D-Queens through the years

A Dixie State University tradition since 1922 is the D-Queen pageant for women who embody the spirit of Dixie.

The pageant includes an interview, talent, written essay, evening wear, onstage questions, academic achievement, service, and involvement. Here is a list of a few of the past D-Queens explaining what winning the title has meant and what they have accomplished since.

1963 – Lana Larkin

In 1963, before it was DSU, Dixie Junior College (DJC) had no pageant involved in crowning the D-Queen. Instead the faculty would nominate a number of women they believed were good representatives of the Dixie spirit. Then the student body would cast the final vote in crowning the queen.

Larkin graduated from DJC with an associate degree. She continued her schooling at Brigham Young University and received a bachelor’s degree in homemaking education. In 1966, Larkin and her husband lived in Mexico for a year to further her husband’s studies. Larkin taught on and off briefly at various schools after graduating but mainly focused on raising her children.

During her time as D-Queen, Larkin said she, “Felt… a responsibility to remember that it wasn’t about me. I was standing as a representative of what the ‘D’ spirit was.”

Larkin most remembers her desire to best represent and support the students during the few months she was D-Queen before graduating. She carried this desire into the rest of her life.

“Whenever we have an opportunity to stand as a representative of something or some group… really it’s to represent what you are there to represent and not make it a personal thing,” Larkin said.

2008 – Jennifer Shakespeare

Shakespeare graduated from Dixie State College of Utah completing her associate degree. She continued her education at Southern Utah University and received her bachelor’s degree in communications. Shakespeare worked in marketing and sales in assisted memory care for about eight years. Last year she transitioned to work for Deseret Digital Media and does sales for them on Utah.com.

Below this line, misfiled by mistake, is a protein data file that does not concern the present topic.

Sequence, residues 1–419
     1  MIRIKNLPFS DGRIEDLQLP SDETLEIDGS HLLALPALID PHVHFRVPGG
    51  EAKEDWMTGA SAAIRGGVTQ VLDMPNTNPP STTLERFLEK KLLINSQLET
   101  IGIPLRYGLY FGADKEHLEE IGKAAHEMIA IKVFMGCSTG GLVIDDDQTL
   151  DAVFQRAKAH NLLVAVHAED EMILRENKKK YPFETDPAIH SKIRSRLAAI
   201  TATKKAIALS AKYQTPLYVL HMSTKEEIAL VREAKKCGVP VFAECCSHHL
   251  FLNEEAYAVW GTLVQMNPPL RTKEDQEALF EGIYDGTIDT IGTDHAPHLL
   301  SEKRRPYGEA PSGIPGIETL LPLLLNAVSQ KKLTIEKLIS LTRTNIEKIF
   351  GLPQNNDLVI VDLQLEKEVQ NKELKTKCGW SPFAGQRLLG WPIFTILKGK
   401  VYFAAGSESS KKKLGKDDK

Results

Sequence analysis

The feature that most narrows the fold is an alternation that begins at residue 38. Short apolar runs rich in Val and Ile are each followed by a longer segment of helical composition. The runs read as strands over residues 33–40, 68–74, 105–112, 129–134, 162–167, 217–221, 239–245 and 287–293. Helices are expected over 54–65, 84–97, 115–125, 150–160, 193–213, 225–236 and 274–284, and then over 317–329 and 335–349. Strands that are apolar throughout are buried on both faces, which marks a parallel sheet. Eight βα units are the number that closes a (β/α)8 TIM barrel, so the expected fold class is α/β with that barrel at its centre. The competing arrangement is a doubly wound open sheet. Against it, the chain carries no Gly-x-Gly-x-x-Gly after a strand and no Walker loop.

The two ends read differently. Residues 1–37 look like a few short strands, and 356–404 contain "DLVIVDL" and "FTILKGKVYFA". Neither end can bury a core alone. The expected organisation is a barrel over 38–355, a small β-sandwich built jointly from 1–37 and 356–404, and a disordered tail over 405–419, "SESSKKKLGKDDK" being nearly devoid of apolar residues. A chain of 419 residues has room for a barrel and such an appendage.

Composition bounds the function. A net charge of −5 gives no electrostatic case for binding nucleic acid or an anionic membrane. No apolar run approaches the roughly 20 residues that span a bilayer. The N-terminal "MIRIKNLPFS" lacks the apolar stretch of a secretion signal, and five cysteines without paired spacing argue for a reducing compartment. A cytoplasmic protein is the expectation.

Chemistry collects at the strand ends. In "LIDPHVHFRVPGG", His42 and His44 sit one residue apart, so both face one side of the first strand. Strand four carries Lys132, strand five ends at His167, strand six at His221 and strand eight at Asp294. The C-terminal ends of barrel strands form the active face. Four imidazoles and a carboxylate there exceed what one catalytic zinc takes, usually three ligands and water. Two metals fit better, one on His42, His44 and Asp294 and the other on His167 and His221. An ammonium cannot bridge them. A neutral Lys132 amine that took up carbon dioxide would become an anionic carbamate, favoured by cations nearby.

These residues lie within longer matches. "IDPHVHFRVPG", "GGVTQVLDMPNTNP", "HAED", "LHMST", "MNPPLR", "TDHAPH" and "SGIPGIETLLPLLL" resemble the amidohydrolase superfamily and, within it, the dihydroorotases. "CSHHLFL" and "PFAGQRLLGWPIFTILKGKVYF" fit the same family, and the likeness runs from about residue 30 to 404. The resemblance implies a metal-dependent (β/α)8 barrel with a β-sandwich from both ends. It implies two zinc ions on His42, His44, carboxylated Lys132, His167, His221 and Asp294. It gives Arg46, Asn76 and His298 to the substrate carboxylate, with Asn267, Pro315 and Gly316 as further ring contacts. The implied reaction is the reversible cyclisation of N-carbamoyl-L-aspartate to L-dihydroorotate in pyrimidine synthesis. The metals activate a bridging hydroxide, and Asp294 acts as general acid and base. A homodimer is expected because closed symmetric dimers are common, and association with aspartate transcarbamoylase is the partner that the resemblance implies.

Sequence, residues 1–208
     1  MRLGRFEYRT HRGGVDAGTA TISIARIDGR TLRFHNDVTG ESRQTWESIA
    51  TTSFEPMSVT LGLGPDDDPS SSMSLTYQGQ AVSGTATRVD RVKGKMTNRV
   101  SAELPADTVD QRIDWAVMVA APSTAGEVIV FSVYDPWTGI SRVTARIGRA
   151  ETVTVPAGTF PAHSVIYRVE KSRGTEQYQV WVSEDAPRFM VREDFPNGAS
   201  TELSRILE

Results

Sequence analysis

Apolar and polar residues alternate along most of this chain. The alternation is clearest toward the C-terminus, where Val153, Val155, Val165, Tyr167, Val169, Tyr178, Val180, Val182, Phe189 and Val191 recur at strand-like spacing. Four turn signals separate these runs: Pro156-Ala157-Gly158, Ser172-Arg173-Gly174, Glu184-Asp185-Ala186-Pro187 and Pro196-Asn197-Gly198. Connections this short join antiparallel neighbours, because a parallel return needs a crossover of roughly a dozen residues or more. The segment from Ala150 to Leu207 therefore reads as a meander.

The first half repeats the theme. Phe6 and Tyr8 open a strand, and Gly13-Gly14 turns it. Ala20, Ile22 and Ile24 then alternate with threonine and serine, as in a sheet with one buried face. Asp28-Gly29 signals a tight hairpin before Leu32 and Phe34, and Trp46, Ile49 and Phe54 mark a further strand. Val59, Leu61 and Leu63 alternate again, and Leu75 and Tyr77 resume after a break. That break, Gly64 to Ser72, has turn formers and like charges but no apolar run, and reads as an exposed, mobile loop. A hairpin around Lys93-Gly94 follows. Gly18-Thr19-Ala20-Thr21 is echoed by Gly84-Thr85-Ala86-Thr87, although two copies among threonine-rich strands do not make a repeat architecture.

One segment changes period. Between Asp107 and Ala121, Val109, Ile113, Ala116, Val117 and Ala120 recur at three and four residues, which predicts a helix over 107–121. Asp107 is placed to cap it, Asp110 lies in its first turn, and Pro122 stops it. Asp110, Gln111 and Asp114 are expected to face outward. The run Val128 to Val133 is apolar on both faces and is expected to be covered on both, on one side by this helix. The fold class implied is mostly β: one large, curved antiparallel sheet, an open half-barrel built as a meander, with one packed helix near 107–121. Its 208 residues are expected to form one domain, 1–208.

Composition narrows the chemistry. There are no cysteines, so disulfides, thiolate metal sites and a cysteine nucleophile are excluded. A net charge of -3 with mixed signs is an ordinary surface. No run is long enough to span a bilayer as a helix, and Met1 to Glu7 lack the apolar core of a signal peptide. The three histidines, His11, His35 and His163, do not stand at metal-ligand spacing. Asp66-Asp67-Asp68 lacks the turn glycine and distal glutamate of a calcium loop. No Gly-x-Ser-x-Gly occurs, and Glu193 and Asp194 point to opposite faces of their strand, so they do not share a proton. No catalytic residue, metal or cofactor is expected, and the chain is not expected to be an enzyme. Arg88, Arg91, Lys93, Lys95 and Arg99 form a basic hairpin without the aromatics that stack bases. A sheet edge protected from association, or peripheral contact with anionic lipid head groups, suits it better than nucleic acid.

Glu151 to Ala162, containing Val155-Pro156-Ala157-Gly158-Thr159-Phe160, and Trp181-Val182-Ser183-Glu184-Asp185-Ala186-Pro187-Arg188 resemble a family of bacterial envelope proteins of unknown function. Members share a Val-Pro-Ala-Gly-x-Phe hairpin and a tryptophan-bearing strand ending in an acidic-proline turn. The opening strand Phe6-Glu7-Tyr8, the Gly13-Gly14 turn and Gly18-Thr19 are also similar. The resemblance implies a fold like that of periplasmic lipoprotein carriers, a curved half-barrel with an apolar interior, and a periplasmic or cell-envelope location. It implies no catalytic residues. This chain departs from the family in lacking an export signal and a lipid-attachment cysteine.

While at DSC, Shakespeare was on student government and wanted to be involved in D-Queen.

Shakespeare said: “I knew homecoming was just way too fancy for me, and there was no way I was getting in a swimsuit. A group of friends and I wanted to do it and I loved Dixie and the whole culture of it just seemed like a fun experience.”

Shakespeare wanted to showcase her school spirit through her talents. During the talent portion she played a melody of the school song and “Just for Now” on the piano while a slideshow of photos from past years at DSC played in the background.

Shakespeare loved how the pageant incorporated different strengths with portions focused on verbal communication, written communication, stage performance and more. While she loved the experience, she remembers not expecting to be crowned D-Queen.

“I was actually looking at a different girl… I was like, ‘Oh yeah it’s for sure going to be her’ and then they called my name and I was like, ‘what?,'” Shakespeare said.

Shakespeare said the experience taught her to always go for things in life that you wonder about. “It was everything I hoped it could be and more… I hope I can always remember that courage.”

2009 – Chelsea Tavana

Tavana attended DSC from 2007 to 2010. She received her associate degree and following her graduation, she served a full-time mission for the Church of Jesus Christ of Latter-day Saints in San Fernando, California. She graduated from BYU in 2015 with a bachelor’s degree in public health with an emphasis on international development. This led her to organize and attend humanitarian trips in Kenya, Malawi, Mexico and Thailand.

Tavana participated in the pageant because her mother was a pageant winner, judge and contestant in many pageants. She also grew up watching the Miss America pageant each year. Tavana loved her time at DSC and was heavily involved with being a member of student government and an ambassador. For the talent portion of the pageant, Tavana performed a hula to show her love for her Hawaiian heritage.

Tavana worked as a community engagement specialist at United Way in Provo and started her own photography business. She eventually married and had one daughter. However, Tavana struggled with heart complications throughout her life and on March 4, 2019 she unexpectedly passed away in her sleep at 30-years-old.

Tavana’s mother Michelle Gould, said: “The hallmarks of Chelsea’s life were her love of our Savior, Jesus Christ, her love of her family, her love of her friends, and her deep love for serving all people she met. Chelsea was a light to all who knew her and left her legacy of service, a love for all people and an example for all of us and would want us to carry that love and light on to others.”